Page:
School music education in Hong Kong after returning to China: Policy, curriculum, and teaching practice

Research output: Chapter in Book/Report/Conference proceedingChapter

Abstract

Following the return of sovereignty to China in 1997, education reform in Hong Kong has been initiated and implemented on a massive scale. The Hong Kong Special Administrative Region (HKSAR) Government has made a concerted effort to improve the quality of education through the reforms, a point witnessed by the creation of a number of different policies and strategies over the course of the past decade. This chapter reviews the music curriculum reforms of 2002, and examines how education policy has impacted on school practices as a result. In the process, various issues, including the place of music in the school curriculum, assessment for learning, the motivation to learn, the nurturing of creativity, and the balance between Western and Chinese culture, are all examined. Copyright © 2017 Palgrave Macmillan.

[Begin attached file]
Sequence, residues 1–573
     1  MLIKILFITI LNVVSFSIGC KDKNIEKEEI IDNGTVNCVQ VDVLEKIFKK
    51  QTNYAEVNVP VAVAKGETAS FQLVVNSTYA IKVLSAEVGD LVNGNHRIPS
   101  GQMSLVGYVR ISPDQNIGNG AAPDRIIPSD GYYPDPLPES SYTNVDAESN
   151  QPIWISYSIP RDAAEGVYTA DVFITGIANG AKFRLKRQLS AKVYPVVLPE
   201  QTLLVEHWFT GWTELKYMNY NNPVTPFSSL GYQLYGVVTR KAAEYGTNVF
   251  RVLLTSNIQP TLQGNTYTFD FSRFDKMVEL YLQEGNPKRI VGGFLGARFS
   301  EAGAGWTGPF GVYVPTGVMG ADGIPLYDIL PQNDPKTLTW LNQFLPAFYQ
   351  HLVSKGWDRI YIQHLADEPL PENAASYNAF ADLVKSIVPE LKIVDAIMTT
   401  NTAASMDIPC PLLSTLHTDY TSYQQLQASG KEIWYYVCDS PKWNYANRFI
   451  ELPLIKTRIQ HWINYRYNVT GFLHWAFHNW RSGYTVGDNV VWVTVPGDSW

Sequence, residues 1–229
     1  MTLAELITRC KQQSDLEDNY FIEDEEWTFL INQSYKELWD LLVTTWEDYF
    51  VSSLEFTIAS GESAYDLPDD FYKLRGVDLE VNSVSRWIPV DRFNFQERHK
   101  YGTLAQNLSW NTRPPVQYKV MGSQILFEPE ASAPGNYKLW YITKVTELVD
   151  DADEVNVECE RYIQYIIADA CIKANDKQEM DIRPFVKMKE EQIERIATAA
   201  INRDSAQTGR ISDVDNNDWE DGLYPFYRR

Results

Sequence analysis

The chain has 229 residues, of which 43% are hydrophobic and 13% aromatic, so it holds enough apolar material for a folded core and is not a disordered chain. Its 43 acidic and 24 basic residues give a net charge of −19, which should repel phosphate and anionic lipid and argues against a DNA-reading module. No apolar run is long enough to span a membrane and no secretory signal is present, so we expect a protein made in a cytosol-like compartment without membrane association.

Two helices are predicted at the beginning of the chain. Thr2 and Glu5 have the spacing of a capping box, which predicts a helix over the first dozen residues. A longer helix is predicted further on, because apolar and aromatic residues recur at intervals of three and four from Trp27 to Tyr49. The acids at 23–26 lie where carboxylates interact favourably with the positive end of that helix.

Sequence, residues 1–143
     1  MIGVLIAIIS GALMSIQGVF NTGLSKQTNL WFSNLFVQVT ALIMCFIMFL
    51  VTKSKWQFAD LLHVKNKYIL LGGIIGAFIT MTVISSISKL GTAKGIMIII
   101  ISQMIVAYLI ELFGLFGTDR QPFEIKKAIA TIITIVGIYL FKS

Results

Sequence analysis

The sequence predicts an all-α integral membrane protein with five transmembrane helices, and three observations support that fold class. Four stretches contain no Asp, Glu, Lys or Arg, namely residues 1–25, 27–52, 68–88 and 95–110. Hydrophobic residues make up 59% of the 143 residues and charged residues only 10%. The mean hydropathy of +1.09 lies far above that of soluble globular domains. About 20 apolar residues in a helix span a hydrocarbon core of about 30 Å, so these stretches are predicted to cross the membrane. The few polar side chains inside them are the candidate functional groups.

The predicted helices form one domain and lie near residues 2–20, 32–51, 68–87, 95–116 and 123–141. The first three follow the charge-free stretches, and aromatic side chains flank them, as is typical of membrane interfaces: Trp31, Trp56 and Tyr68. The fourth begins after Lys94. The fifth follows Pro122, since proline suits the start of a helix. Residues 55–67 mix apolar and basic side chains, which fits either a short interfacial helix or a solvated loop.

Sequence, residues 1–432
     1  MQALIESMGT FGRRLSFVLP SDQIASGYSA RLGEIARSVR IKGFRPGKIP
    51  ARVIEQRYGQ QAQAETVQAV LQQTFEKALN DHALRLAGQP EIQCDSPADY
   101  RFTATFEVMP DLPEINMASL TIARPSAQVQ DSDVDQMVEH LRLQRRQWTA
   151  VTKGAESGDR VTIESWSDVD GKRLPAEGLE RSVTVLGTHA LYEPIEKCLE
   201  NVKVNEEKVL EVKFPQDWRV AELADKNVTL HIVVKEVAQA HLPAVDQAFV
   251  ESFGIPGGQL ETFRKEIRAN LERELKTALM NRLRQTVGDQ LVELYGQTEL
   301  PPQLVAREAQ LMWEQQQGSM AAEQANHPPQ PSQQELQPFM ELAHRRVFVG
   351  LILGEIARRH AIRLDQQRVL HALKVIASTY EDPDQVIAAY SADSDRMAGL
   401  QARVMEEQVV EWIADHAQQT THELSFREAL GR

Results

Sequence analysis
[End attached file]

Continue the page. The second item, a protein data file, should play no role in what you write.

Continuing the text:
Original languageEnglish
Title of host publicationPalgrave handbook of global arts education
EditorsGeorgina BARTON, Margaret BAGULEY
Place of PublicationLondon
PublisherPalgrave Macmillan
Pages203-217
ISBN (Print)9781137555854, 9781137555847
DOIs
Publication statusPublished - 2017

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music lessons
teaching practice
Hong Kong
curriculum
reform
China
music curriculum
school
education
sovereignty
creativity
music
learning

Citation

Leung, B.-W. (2017). School music education in Hong Kong after returning to China: Policy, curriculum, and teaching practice. In G. Barton, & M. Baguley (Ed.), Palgrave handbook of global arts education (pp. 203-217). London: Palgrave Macmillan.

Keywords

  • Music education
  • Arts education
  • Hong Kong
  • Arts education policy
  • China
  • Policy
  • Curriculum
  • Curriculum reform
  • Teaching practice
  • Cultural policy
  • Motivation in music learning
  • Cantonese opera
  • Assessment
  • Assessment for learning
  • Creativity
  • Chinese culture
  • Local culture